GUIDs GUIDs everywhere, but how is my data unique?

  • David Rueter

    SSCrazy

    Points: 2632

    I agree that GUIDs for clustered indexes are a bad idea, and GUIDs for primary keys are not generally ideal. But there is at least one additional consideration that hasn't been mentioned here: data security.

    If you have a situation where there is an untrusted public interface to access some data (say a list of rows in an HTML table), and that interface needs to support looking up a particular row to retrieve additional fields when clicked, or if the row is to be updated, etc., you need to have a way for the public interface to communicate a unique identifier back to the the backend database.

    While an identity integer may be optimal for performance, it is IMO not suitable for this scenario...because it is by definition sequential. That means that other valid identifiers are easily guessed by a malicious user.

    For example, if HTML included something like <a href="getRecord?id=6">Click for details</a> it would be trivial for a malicious user to call "getRecord?id=5" to retrieve data he is not supposed to see.

    If on the other hand a GUID is used, this sort of risk is largely mitigated, for <href="getrecord?id=FF7CCA0D-6921-47AF-B3F5-D004E4B89560">Click for details</a> does not provide many clues as how to guess a valid id to access information the malicious user is not supposed to see.

    For this reason, I generally use identity integers for primary keys with clustered indexes, but will add a unique indexed GUID column as an "alias" to refer to the row from an untrusted source if needed.

    Using a GUID as an "alias" has additional benefits as well: for example, you can re-generate these aliases at will without impacting your internal database referential integrity.

    (Note that the pattern I outline above is not ideal, is intentionally simplistic to demonstrate my point, and a GUID alone is not enough to secure data in the face of poor architecture--I am not recommending the pattern, just pointing out the vulnerability of a sequential ID in an untrusted environment.)

  • David.Poole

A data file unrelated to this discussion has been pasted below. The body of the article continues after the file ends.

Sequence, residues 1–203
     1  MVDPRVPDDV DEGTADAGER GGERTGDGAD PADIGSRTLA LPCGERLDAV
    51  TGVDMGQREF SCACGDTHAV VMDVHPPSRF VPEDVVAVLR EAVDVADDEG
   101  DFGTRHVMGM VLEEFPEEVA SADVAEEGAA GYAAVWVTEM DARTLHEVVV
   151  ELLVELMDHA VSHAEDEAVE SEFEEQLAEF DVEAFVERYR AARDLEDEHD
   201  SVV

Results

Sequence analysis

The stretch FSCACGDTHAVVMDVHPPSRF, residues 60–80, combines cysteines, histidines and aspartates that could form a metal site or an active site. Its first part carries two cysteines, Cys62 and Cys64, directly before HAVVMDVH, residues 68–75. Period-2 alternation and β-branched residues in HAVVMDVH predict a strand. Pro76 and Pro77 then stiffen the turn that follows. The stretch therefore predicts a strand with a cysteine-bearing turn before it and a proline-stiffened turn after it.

SSC Guru

    Points: 75312

    Caveat. All answers have an implicit "It Depends"

    Q: Why add another unique key when a naturally occurring one already exists?

    A: If you have a package system that assigns keys and you wish to migrate from that system then it is useful to have keys that remain in your replacement package system. Product 'x' may have an auto-increment in your original system but a guid in your replacement system (or any other weird and wacky combination). Having a specific ever-lasting key for Product 'x' allows you to reconcile between systems during the interim state and also maintain consistency in your data warehouse system. Remember your data warehouse system will probably outlive your OLTP system by at least a couple of generations. There is nothing that says the immutable key has to be human readable.

    Q: What's wrong with an auto-increment.

    A: As a simple stand-a-lone system you will get away with it. Syncing multiple systems, each with its own auto-increments can be a real bitch. Been there, done that, learnt new Anglo Saxon. also, failed inserts also increment the auto-increment leaving gaps.

    Q: Ever tried to debug using GUIDS.

    A: I'm a big fan of the Red-Gate tool kit. I don't work for Red-Gate, I have no financial incentive to promote Red-Gate. SQL Data Compare works for me. I've also spent a lot of time thinking about automated testing and test frameworks to add to my DBA bag of tools. Not having those tools is vastly more expensive than having them. Tools are not a panacea but help greatly.

    Q: Never had a problem with GUIDs as primary keys due to their uniqueness?

    A: Really??? When assigned in the DB they can cause nightmares when the calling app has a buggy INSERT mechanism. Try inserting the same record twice and without a naturally occurring unique key then the record insert will generate another GUID to go with the duplicate record. Obviously this afflicts auto-increment records as well but at least they are easy to spot.

    When I wrote my article about a proposed Key Generator instead of a GUID one of the comments that was posted against the article was that it was somewhat similar to what Twitter do. Guids/uuids are easy for programmers to use but sometimes a key generator is more appropriate.